From the vault, here’s my Thanksgiving homily from 2009:
A lot of us know the story.
It was the autumn of 1621. In Plymouth, Massachusetts, after a rich harvest, the men, women and children who had survived the first year in the New World gathered for a feast to offer thanks.
One of the pilgrims wrote at the time: “By the goodness of God, we are so far from want.”
What was it like? I did a little Googling and found that the menu for that first Thanksgiving had some surprises. It was not necessarily turkey and pumpkin pie. Historians think they probably ate fowl and venison – or deer. The pilgrims didn’t have forks, but used spoons. More likely, they ate with their hands. And the food was probably a lot more fatty than we are used to. Cholesterol was unheard of. They were more worried about plague and the pox.
They didn’t have much sugar, so sweets and deserts were probably not on the menu. So, you can forget the pumpkin pie.
Whatever it may have involved, that meal left us with an enduring tradition: a gathering around a table, giving thanks for surviving in an uncertain and difficult new place.
But a few years ago, the Unitarian minister Peter Fleck suggested we look at this differently.
Maybe, he wrote, the pilgrims weren’t thankful because they had survived.
But maybe they had survived…because they were thankful.
These were people who lived their lives in wonder and hope, grateful for everything: the hard winds and deep snows…the frightening evenings and hopeful mornings …the long journey that had taken them to a new place. They knew how to express gratitude.
Gratitude doesn’t always come easily. We all know that generosity – the giving of a gift – means thinking more about others than about yourself. It represents an act of love. But so does being thankful. To give thanks is to extend yourself. It is to remember where the gift came from.
It is to go out of your way to acknowledge that — like the one cured leper in the gospel, who changed the direction he was headed, and walked back to Jesus, all the way back from the temple, to thank him.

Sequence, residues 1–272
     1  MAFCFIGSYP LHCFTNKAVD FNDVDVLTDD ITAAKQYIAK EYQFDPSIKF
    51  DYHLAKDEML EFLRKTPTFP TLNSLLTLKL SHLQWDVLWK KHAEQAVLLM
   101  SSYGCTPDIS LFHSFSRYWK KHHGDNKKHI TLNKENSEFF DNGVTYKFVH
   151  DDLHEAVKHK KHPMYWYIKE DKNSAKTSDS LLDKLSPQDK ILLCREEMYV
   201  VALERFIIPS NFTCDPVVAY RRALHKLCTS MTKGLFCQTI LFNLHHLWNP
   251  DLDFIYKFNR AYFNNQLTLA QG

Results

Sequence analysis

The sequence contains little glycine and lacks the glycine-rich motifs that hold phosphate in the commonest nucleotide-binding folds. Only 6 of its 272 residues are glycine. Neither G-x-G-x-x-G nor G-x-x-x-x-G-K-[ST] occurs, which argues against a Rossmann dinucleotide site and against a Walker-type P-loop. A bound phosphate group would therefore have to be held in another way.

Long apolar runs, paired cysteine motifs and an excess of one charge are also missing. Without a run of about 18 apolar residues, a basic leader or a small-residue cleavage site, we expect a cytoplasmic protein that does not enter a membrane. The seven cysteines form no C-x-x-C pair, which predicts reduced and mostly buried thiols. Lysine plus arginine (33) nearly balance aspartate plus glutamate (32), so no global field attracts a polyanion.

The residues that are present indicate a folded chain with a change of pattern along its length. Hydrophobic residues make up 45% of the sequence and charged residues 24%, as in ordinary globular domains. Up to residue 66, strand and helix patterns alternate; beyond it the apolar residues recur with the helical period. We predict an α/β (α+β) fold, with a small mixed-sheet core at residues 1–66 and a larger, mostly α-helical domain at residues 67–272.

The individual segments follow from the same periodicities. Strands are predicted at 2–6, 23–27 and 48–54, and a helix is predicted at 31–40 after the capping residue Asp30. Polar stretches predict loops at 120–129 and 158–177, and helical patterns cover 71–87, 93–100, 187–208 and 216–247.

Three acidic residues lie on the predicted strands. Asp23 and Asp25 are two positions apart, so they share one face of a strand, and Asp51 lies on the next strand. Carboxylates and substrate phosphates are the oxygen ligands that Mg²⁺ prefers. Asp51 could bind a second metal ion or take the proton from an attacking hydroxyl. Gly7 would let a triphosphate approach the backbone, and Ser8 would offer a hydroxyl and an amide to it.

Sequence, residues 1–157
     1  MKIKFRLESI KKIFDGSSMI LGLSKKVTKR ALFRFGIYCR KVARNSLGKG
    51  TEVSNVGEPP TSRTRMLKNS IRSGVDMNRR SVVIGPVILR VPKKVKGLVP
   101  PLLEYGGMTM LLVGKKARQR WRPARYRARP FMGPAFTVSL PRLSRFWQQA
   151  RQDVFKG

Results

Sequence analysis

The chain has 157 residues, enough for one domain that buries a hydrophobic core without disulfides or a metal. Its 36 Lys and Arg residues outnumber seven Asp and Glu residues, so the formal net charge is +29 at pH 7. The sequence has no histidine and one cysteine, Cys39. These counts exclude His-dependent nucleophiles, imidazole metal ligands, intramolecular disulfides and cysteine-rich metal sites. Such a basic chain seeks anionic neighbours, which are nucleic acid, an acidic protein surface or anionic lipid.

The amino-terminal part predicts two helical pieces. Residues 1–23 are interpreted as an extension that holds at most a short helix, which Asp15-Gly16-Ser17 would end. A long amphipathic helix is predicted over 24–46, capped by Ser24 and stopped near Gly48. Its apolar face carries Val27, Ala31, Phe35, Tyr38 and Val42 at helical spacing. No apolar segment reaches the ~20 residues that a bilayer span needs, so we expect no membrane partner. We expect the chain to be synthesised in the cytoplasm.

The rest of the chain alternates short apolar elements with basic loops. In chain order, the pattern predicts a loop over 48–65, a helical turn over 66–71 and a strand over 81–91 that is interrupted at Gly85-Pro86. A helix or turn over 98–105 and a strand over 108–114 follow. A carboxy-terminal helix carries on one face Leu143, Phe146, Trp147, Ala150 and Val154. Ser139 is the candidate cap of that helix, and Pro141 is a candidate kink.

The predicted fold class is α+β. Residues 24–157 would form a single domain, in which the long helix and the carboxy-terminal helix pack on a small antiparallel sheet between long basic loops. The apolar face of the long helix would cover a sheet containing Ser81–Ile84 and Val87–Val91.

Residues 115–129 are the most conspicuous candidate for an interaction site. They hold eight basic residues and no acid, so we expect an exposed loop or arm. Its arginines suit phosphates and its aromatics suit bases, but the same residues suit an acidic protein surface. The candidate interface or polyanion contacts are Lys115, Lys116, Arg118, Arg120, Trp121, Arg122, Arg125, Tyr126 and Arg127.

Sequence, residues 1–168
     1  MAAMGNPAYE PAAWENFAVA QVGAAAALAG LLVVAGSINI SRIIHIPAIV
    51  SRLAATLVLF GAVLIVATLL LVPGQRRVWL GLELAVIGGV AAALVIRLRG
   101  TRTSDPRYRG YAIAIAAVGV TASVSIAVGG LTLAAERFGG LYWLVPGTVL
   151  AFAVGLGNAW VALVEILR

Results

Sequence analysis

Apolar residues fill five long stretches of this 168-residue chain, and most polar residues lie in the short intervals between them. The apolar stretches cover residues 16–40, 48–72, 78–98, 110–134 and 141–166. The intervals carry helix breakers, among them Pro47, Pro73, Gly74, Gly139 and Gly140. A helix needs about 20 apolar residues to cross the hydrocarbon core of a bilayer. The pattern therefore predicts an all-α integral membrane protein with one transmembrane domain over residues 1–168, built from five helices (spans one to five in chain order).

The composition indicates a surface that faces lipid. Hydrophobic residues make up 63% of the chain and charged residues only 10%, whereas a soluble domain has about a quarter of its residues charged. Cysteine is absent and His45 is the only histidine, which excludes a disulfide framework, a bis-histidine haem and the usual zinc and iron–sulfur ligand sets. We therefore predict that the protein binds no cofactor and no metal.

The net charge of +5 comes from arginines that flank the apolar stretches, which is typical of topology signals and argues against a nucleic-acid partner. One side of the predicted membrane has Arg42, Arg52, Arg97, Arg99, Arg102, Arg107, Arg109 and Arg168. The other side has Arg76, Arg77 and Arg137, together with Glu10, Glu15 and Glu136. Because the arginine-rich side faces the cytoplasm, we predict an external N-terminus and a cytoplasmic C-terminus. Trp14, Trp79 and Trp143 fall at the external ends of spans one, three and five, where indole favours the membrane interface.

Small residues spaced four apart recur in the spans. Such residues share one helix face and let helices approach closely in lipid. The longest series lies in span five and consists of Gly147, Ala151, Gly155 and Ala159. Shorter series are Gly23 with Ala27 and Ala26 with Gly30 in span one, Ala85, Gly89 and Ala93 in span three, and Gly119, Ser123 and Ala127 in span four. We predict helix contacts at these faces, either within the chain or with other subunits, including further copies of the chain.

There is love in that. A love for the gift – and for the one who gave it.
Reverend Fleck suggested that maybe that is what enabled the pilgrims to thrive and prosper: a humble appreciation for whatever God gave them, trusting that He would give them what they would need. It’s an optimistic message, really — and gratitude, I think, carries a spirit of optimism. Maybe that spirit can teach us something, as we endure our own hard winds and deep snows – the storms of our own lives. Especially now.
In a couple hours, Siobhain and I will get on a plane and fly down to Maryland, for a big Thanksgiving dinner at my in-laws. They’ll have about 12 or 15 people, and a big turkey with all the trimmings. Thanksgiving will be a time for family, and for celebration.
But I know it won’t be that way for everyone.
The other day, I was walking down Continental Avenue and passed the McDonald’s by the train station. There was a big sign taped to the window. I think it tells us something about America this autumn.
The sign said: “Open 24 hours on Thanksgiving Day.”
For a lot of Americans, that will be the place for feasting. That will be their holiday. It won’t involve turkey and pumpkin pie. It will be a hamburger and a milkshake.
But Thanksgiving isn’t about giving thanks for having a lot. It’s about giving thanks for just having. For being. For knowing that whatever we have, whether it is served on a china plate or a Styrofoam carton, it is all a gift. The prayers whispered over a Happy Meal are just as precious to God as the ones said over the turkey and stuffing.
And all of us, no matter where we find ourselves praying, will be bound together by one simple word: grace. At a few McDonald’s this Thanksgiving, I’m sure that grace will be said.
And, I am just as sure of this: that grace will be present.
The grace of gratitude. The grace of thanking God for whatever gift He gives. And in the giving, and in the receiving, and in the thanking, there is something that transcends time and place.
There is love.
Love for what we have, and love for what we have been given. And love for the God who gives it. Because no matter how fierce the winds, or how unforgiving the storm, at least on this day we all remember that God is near.
The pilgrims knew that. And so did the Samaritan. He lived a life of disfigurement and shame. But he trusted, and he listened, and he was healed — changed forever, made new.
He could have gone on his way. But he didn’t. He couldn’t. He had to thank The One who made his miracle possible.
Twenty centuries later, that anonymous figure left us a legacy, and a lesson: a beautiful example of what it means to have an “attitude of gratitude.”
It is an attitude we all need to nurture — not just today, but every day. Gratitude can open our hearts – and change our lives – if only we let it.
Or, as Reverend Fleck so beautifully put it: maybe the pilgrims weren’t thankful because they survived.
Maybe they survived…because they were thankful.